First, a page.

Hurricane Michael is close to becoming a major Category 3 storm and still strengthening as it churns towards the Florida Panhandle.
Florida Gov. Rick Scott said it could be the most destructive storm to hit the region in decades, and he declared a state of emergency in 35 counties ahead of the hurricane’s arrival. Some coastal counties have ordered evacuations.
As of 11 a.m. ET on Tuesday, the storm had sustained winds of 110 mph with more powerful gusts. Michael threatens to bring a life-threatening storm surge of more than 9 feet to some coastal areas, according to the National Hurricane Center’s latest update.
“If you are in the hurricane warning: PREPARE NOW,” the National Weather Service said on Twitter. “You are quickly running out of time.”
As of 11 a.m. ET on Tuesday, the hurricane was about 360 miles south of Panama City, Florida, moving north across the Gulf at 12 mph. Tropical storm-force winds from the storm are expected to arrive in Florida Tuesday evening, with the storm expected to make landfall on Wednesday.
Certain residents of Bay County and Gulf County are under mandatory evacuation orders.
Hurricane warnings are in effect in Florida from the Alabama border to the Suwannee River. Storm surge warnings are in effect from the Okaloosa/Walton County Line to Anclote River. There are storm surge watches in effect from Anclote River to Anna Maria Island — an area that includes Tampa Bay — and from the Alabama border to the Suwannee River.
Tropical storm warnings are in effect from the Alabama/Florida border to the Mississippi/Alabama border and from Suwanee River to Chassahowitzka, Florida. A tropical storm watch is in effect from Chassahowitzka to Anna Maria Island, Florida (including Tampa Bay); from the Mississippi/Alabama border to the Mouth of the Pearl River; and from Fernandina Beach, Florida, to South Santee River, South Carolina.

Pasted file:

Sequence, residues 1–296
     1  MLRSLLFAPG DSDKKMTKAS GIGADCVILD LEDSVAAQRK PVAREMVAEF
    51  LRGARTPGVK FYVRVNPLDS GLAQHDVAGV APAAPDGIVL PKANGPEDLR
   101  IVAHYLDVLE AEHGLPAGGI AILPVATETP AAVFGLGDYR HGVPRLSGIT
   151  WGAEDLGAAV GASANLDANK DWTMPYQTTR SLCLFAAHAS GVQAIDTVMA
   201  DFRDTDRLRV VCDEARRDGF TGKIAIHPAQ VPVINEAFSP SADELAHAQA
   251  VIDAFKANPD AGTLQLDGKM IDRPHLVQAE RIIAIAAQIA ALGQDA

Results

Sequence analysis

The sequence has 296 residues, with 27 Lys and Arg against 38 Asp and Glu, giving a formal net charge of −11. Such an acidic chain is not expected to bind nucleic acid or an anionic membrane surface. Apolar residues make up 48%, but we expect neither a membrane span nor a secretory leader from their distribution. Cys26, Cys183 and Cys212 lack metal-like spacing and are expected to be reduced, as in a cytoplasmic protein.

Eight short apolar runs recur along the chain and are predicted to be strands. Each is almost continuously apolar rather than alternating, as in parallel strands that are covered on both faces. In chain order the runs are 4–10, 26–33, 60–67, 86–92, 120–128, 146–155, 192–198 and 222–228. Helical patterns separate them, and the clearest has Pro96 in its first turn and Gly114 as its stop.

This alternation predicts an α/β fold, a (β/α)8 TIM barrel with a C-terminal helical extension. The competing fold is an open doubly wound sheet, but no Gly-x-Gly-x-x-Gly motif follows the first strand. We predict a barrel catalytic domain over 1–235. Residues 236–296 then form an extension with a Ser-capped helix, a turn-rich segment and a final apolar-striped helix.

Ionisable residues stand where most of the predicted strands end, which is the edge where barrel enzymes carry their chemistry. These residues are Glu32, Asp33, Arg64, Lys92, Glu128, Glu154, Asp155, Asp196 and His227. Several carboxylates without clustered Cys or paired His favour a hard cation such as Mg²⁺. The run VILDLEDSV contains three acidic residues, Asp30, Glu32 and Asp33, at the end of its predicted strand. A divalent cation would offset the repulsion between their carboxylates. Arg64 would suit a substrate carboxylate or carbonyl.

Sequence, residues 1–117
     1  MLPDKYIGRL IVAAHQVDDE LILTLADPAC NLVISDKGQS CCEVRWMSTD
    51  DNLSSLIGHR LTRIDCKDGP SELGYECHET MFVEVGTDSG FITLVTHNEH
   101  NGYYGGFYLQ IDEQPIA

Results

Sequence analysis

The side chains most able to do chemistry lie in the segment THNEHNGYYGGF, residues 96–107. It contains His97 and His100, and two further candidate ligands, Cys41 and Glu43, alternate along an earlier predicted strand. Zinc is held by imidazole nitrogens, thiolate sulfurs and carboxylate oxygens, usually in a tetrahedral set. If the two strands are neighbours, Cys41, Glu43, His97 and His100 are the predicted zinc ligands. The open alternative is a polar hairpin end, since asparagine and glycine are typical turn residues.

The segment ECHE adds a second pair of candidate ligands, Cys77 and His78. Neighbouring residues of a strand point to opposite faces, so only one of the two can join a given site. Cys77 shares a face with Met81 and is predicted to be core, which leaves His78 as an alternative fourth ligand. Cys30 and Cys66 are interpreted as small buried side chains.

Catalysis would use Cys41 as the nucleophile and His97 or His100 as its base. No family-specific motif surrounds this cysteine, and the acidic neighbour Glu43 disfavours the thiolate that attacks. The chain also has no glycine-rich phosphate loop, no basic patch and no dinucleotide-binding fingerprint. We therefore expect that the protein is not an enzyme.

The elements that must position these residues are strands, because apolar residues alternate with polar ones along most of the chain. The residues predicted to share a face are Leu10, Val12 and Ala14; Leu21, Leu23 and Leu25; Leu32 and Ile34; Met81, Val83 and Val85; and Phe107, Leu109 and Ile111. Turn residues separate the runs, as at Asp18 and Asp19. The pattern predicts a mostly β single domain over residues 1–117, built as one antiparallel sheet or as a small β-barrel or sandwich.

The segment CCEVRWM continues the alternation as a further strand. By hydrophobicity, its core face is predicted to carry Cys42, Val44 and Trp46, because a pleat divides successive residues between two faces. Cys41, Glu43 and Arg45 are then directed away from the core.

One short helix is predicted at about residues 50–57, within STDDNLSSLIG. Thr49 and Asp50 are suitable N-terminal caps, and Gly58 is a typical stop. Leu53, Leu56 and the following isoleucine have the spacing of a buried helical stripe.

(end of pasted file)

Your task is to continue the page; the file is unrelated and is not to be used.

Michael killed at least 13 people in Central America after the storm’s torrential downpours caused flash flooding, according to Reuters.
Heavy rainfall from the storm is expected to bring similar downpours and floods to Western Cuba and then to parts of Florida, Georgia, and South Carolina.
Gov. Scott implored those living in northwestern Florida to keep track of the storm and evacuate if necessary. Residents in that region who are not under mandatory evacuation orders have been told to stock up on enough water, food, and medicine to last three days.
Michael’s storm surge is likely to be the biggest threat to coastal residents. The coastal area from Indian Pass (which is about an hour south of Panama City, Florida) to Cedar Key (about two hours north of Tampa) is expected to see the highest storm surge, with 8 to 12 feet predicted.
In the Florida Panhandle and Big Bend regions, residents could see 4 to 8 inches of rain, with a few areas getting up to a foot. That could lead to life-threatening flash floods, the NHC warned.
After making landfall, the hurricane is predicted to push inland, bringing heavy wind and rain throughout the southeastern US late in the week.